The millions of photographs in the Museum's collections compose a vast mosaic of the nation's history. Photographs accompany most artifact collections. Thousands of images document engineering projects, for example, and more record the steel, petroleum, and railroad industries.
Some 150,000 images capture the history, art, and science of photography. Nineteenth-century photography, from its initial development by W. H. F. Talbot and Louis Daguerre, is especially well represented and includes cased images, paper photographs, and apparatus. Glass stereographs and news-service negatives by the Underwood & Underwood firm document life in America between the 1890s and the 1930s. The history of amateur photography and photojournalism are preserved here, along with the work of 20th-century masters such as Richard Avedon and Edward Weston. Thousands of cameras and other equipment represent the technical and business side of the field.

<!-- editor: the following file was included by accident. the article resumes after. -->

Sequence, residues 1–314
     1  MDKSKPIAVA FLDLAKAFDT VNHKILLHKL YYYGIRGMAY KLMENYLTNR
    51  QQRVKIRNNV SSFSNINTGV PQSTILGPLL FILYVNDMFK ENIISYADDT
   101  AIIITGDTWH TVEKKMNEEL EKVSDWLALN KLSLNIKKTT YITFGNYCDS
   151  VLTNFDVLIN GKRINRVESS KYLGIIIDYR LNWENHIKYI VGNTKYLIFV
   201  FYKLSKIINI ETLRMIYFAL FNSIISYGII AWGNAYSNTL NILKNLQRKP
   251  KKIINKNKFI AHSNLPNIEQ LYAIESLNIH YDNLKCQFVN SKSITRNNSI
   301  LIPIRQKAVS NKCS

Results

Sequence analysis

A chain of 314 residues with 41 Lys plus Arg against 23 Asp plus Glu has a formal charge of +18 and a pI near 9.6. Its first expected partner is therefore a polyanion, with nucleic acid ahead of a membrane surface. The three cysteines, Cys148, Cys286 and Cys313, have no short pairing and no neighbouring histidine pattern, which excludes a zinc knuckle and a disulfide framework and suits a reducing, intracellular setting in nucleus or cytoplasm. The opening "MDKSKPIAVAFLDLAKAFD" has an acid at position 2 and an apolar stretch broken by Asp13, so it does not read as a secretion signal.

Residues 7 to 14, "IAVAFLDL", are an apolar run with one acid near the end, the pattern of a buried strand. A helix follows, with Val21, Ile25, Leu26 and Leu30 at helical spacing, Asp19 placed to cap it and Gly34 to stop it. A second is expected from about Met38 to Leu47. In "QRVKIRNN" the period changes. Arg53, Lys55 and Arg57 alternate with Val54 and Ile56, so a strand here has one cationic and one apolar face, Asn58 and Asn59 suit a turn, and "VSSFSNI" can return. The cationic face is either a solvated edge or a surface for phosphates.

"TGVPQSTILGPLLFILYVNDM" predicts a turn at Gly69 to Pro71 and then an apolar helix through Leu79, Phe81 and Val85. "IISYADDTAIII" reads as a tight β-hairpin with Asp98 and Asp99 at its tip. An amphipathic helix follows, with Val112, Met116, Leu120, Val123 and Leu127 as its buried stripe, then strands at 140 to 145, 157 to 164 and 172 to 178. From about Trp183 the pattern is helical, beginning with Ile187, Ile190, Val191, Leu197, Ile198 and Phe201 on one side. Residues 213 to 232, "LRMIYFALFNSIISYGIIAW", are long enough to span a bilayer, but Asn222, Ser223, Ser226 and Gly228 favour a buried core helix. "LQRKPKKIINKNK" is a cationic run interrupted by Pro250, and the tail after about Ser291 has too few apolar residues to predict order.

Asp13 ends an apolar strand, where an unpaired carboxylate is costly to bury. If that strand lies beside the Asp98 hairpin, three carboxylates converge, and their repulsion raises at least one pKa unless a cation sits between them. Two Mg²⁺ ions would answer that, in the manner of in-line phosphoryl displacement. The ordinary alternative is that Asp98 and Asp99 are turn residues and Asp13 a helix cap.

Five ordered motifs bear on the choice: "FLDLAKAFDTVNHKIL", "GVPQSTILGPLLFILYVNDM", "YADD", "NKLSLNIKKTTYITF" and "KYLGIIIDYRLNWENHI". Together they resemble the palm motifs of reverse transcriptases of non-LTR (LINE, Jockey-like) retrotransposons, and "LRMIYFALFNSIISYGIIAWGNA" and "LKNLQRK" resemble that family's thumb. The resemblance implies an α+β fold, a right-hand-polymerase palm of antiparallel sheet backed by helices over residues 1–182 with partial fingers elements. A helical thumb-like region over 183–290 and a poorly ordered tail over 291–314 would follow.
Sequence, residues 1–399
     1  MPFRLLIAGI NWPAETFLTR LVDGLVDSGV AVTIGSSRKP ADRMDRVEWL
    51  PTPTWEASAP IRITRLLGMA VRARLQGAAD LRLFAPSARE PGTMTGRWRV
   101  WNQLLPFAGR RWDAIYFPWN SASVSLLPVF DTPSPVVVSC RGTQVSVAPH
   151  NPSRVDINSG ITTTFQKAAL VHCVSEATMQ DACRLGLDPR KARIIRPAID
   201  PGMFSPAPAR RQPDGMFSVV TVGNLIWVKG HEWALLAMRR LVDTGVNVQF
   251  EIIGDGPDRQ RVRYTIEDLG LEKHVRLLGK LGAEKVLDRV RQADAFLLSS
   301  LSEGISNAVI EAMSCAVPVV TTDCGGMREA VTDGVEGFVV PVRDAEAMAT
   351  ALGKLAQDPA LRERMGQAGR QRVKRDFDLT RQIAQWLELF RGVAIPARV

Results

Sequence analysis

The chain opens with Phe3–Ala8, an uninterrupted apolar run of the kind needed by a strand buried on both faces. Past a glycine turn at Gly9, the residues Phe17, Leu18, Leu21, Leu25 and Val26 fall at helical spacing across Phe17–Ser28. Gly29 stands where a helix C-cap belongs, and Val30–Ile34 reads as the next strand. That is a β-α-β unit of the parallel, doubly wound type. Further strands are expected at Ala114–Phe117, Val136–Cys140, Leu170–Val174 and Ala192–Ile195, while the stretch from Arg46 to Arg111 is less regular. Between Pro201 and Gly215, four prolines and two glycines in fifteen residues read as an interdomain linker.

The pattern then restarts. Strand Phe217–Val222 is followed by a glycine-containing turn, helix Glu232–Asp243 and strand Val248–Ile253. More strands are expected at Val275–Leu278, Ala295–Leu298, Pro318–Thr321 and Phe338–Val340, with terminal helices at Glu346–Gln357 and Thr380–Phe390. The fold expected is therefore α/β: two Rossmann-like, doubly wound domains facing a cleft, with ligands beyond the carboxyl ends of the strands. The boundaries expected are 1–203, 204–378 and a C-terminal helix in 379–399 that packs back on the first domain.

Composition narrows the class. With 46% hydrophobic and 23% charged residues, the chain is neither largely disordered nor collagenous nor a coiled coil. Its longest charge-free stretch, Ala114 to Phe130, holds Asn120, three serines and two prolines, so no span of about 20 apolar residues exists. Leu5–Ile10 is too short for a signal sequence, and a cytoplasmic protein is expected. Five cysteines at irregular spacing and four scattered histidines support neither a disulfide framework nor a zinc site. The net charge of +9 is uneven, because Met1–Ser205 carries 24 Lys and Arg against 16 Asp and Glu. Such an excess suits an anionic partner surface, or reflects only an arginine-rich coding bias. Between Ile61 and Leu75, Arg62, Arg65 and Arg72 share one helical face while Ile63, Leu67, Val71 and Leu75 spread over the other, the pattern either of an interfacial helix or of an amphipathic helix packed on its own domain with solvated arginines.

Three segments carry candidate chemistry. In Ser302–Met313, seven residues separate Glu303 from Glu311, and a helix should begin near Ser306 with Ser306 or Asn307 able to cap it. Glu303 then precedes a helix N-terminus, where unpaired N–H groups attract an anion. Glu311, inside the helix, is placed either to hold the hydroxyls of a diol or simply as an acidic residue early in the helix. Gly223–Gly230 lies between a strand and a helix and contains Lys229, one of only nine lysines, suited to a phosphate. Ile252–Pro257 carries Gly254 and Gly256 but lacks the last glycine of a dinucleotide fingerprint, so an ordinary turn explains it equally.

"Photography - Overview" showing 1237 items.
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- No Image Available
- Company Name
- Technicolor Motion Picture Corp.
- Record ID
- Data source
- Smithsonian Libraries
- In 1959 Mydans photographed Soviet Premier Nikita Khrushchev on his visit to the United States. During his stay, Khrushchev visited the Twentieth Century Fox studios during the filming of the movie Can-Can. Khrushchev came on the set with his wife, bodyguards, politicians, U.S. officials, and studio heads who ordered the dancers to perform an entire can-can number for the elite guests.
- The film, starring Shirley MacLaine, received worldwide publicity because of Khrushchev's visit. The next day's newspapers carried an interesting quote from him. When asked what he thought of Can-Can, he replied, "The face of humanity is prettier than its backside."
- Currently not on view
- Date made
- Mydans, Carl
- ID Number
- accession number
- catalog number
- Data Source
- National Museum of American History, Kenneth E. Behring Center